Two steps forward, one step back.

The Charleston area slipped a spot to No. 98 in the national 2010-11 TV market pecking order as compiled by Nielsen Co., the well-known media-ratings business.

The apparent cause was anemic viewership growth within the region, likely tied to the long-running recession and housing slowdown.

The number of television-equipped homes in the Charleston area barely moved since a year ago, edging up just 1,580 to 312,770, according to Nielsen. While it's not likely enough of a decline to affect what local broadcast stations can charge advertisers, it certainly doesn't help their cause.

The new standings for the top 210 U.S. "designated market areas," were released last week. Last year, Charleston vaulted up two places to grab the 97th spot.

The region swapped places this year with No. 97 El-Paso, Texas, a faster-growing TV market area that also includes Las Cruces, in southeast New Mexico.

Charleston isn't going to overtake South Carolina's largest TV market anytime soon. Top-dog honors go to the far-flung Upstate TV viewing area, which by Nielsen's count encompasses Greenville, Spartanburg, Anderson and Asheville, N.C. GSAA maintained its hold on the 36th position, with nearly 879,000 TV homes, up about 13,000 from a year ago.

Columbia, which saw its viewing market expand by nearly 2 percent to 405,670 homes over the past 12 months, climbed a notch on the Nielsen ranking to No. 78.

Myrtle Beach-Florence held steady at No. 104, with 289,570 homes, and the combined Augusta-Aiken market retained the No. 114 position with 257,030 TV households. Rock Hill falls under the sprawling Charlotte viewing area, which climbed one rung to claim 23rd place.

Spreading the word

A tiny Charleston radio station has gone temporarily silent, but not secular, as it prepares for a relaunch with a more powerful signal and a new owner.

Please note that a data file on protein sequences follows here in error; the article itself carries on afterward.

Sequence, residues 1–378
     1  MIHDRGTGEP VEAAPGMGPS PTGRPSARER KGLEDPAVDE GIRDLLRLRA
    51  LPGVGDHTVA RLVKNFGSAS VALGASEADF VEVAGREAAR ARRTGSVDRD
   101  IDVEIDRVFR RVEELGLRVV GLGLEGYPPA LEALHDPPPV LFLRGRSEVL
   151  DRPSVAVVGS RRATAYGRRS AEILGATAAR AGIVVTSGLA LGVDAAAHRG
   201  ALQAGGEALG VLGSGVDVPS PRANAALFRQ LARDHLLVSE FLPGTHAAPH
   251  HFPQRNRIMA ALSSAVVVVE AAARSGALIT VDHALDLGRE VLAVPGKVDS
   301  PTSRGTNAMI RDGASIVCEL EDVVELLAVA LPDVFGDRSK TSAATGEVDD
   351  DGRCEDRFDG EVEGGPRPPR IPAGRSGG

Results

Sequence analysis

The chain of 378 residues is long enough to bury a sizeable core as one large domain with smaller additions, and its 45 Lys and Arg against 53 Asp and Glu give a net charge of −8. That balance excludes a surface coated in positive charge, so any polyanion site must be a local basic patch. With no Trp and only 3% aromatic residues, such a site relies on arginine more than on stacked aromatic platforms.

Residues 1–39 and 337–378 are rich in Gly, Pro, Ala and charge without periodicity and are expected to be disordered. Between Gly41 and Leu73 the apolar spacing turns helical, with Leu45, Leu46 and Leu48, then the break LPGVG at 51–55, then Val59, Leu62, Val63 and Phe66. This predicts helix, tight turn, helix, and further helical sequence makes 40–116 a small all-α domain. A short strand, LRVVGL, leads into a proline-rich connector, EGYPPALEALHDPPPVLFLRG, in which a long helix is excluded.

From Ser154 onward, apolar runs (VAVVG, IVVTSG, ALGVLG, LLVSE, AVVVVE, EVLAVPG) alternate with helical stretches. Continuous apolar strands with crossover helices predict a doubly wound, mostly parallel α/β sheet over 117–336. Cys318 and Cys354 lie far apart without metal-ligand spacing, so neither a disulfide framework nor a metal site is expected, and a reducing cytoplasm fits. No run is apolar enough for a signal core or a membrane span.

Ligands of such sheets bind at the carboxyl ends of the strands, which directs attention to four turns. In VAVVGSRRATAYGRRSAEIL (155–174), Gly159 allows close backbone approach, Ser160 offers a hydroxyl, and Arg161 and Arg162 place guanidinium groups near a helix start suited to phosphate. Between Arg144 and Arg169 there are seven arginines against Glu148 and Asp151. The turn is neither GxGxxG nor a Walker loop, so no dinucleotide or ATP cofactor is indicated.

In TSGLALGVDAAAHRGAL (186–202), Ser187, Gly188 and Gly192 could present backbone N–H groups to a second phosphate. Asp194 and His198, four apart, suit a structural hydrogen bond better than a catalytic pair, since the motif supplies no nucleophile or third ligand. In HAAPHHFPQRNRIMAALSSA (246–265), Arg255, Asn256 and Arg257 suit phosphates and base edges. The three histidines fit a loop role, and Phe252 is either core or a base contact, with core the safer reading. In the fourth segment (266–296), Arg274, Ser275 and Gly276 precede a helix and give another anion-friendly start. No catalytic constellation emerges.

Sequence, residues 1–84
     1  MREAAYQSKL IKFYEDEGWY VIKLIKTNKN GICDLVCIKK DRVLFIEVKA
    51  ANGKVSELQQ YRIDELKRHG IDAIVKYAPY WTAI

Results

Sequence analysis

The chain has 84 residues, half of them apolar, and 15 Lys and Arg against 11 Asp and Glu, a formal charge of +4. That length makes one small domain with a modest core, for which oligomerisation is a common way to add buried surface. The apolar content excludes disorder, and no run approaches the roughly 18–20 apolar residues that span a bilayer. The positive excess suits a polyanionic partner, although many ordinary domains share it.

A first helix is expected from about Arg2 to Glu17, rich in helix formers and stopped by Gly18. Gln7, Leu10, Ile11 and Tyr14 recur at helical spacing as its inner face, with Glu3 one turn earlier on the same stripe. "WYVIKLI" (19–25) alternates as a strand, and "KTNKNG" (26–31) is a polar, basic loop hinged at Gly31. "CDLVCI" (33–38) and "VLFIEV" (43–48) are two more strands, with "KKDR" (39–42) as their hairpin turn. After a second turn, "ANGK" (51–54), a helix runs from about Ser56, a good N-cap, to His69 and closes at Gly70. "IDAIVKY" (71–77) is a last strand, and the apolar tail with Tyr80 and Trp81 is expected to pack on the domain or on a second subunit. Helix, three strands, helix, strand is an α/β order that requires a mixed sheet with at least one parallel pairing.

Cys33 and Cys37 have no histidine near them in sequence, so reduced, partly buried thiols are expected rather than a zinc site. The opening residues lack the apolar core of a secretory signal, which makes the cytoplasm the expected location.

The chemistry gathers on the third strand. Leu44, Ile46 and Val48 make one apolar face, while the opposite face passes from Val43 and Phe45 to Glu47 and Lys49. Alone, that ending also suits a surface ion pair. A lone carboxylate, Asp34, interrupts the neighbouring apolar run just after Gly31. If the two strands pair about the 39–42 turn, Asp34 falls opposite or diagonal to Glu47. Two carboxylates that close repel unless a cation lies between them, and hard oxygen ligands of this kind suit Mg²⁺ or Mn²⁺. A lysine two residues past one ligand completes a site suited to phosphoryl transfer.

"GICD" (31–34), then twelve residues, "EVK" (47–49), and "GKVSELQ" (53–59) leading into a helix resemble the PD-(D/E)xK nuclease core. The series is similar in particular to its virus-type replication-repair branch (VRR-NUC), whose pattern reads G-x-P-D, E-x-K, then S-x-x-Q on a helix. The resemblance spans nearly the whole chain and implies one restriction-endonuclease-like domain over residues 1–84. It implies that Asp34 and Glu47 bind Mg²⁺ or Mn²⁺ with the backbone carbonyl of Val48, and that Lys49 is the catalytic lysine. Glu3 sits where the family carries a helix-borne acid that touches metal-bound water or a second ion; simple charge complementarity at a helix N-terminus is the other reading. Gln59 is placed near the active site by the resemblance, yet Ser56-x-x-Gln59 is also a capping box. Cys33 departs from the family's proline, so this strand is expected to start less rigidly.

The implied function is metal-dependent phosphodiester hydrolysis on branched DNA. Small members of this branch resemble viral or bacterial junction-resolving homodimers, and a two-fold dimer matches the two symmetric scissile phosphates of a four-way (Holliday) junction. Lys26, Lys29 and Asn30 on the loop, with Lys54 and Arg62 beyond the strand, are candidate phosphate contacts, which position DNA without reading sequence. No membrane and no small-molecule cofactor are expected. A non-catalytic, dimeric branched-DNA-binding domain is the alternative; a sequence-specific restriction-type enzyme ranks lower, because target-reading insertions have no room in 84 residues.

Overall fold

WLTQ-AM 730, a gospel format until about a week ago, is being sold for $525,000 in cash to an Upstate-based nonprofit Christian broadcaster that spreads Catholic teachings.

The buyer, Mediatrix Radio, is an educational charity and lay ministry that currently airs talk-radio programming over two stations, WCKI-1300 AM in Greer and WQIZ-810 AM in St. George. It's been on the airwaves since mid-2003.

Gary Towery, president of Mediatrix, issued a written statement last week about the WLTQ buy.

"Since February, we have been involved in a capital campaign to raise money so that we can purchase more radio stations. Our goal is to provide Catholic Christian talk to the entire state. An opportunity to serve the Charleston market became available, and we were blessed to have the resources to pursue it. If all goes well, we plan to broadcast national shows originating ... in Alabama as well as our locally produced offerings later this year," Towery said

The seller is Indigo Radio LLC, Tryon, N.C.-based company managed by broadcasting veteran Mark W. Jorgenson.

In addition to the payment, Holt Media Group has been tapped to assess the fair market value of WLTQ, according to the sale agreement. If the appraised figure comes in higher than the sale price, Indigo could reap a tax benefit because it will be credited with the difference as a charitable contribution.

Jorgenson, whose company bought WLTQ for $608,230 in 2007, said last week that the station stopped broadcasting Aug. 29 so Indigo could replace the existing 1,000-watt transmitter with a 5,000-watt model.

"This is significant improvement to this station," he said.

He expects the deal with Mediatrix to close in a few weeks.

Last year, Jorgenson lined up a deal to sell the station to another religious media outlet, Faith Broadcasting Corp. The proposed $650,000 sale eventually unraveled.

Contact John McDermott at 937-5572 or